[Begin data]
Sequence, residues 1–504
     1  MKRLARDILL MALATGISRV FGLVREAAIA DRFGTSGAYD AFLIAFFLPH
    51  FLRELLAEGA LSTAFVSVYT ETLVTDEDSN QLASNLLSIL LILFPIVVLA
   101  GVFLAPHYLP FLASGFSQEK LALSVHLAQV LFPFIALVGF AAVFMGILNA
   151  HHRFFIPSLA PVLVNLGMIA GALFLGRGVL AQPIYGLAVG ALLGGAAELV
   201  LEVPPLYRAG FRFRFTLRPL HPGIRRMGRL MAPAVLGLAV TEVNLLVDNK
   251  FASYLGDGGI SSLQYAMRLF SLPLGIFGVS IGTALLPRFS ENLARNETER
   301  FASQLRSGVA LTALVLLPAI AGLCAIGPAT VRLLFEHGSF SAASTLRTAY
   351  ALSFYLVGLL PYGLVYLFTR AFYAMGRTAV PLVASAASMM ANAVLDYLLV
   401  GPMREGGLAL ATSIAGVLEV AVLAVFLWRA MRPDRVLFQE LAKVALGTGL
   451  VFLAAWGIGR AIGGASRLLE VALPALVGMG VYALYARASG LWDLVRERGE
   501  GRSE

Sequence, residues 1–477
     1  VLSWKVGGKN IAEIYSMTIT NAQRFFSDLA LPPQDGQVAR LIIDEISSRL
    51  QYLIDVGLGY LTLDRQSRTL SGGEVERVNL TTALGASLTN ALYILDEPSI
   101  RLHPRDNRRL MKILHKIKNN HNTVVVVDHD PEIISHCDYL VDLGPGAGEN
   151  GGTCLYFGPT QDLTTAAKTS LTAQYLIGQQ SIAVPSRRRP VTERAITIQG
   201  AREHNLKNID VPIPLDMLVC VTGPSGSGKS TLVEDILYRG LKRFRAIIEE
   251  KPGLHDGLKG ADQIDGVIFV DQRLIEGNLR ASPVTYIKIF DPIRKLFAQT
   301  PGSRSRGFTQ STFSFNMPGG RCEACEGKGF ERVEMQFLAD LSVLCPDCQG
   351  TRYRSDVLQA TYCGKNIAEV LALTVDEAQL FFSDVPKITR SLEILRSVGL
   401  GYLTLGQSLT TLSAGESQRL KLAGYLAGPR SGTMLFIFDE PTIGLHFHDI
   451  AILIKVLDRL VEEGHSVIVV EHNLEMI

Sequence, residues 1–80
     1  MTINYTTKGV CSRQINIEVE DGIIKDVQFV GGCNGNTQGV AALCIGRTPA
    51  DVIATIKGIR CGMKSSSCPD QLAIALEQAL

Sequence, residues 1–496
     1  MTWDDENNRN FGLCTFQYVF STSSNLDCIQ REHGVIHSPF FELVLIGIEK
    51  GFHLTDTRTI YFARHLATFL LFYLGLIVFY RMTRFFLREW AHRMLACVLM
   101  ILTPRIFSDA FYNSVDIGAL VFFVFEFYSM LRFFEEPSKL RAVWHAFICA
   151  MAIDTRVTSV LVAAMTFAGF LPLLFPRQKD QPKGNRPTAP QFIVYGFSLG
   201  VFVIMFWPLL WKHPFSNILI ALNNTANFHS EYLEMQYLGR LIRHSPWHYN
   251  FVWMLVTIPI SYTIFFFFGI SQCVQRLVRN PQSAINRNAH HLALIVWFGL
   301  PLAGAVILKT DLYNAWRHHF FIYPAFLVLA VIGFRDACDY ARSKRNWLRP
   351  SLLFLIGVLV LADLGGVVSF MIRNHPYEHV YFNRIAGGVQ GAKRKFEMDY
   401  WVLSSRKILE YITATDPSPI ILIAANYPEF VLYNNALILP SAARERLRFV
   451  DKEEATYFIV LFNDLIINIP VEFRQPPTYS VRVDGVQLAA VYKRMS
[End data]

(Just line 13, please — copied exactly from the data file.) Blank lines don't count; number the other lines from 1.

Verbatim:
Sequence, residues 1–477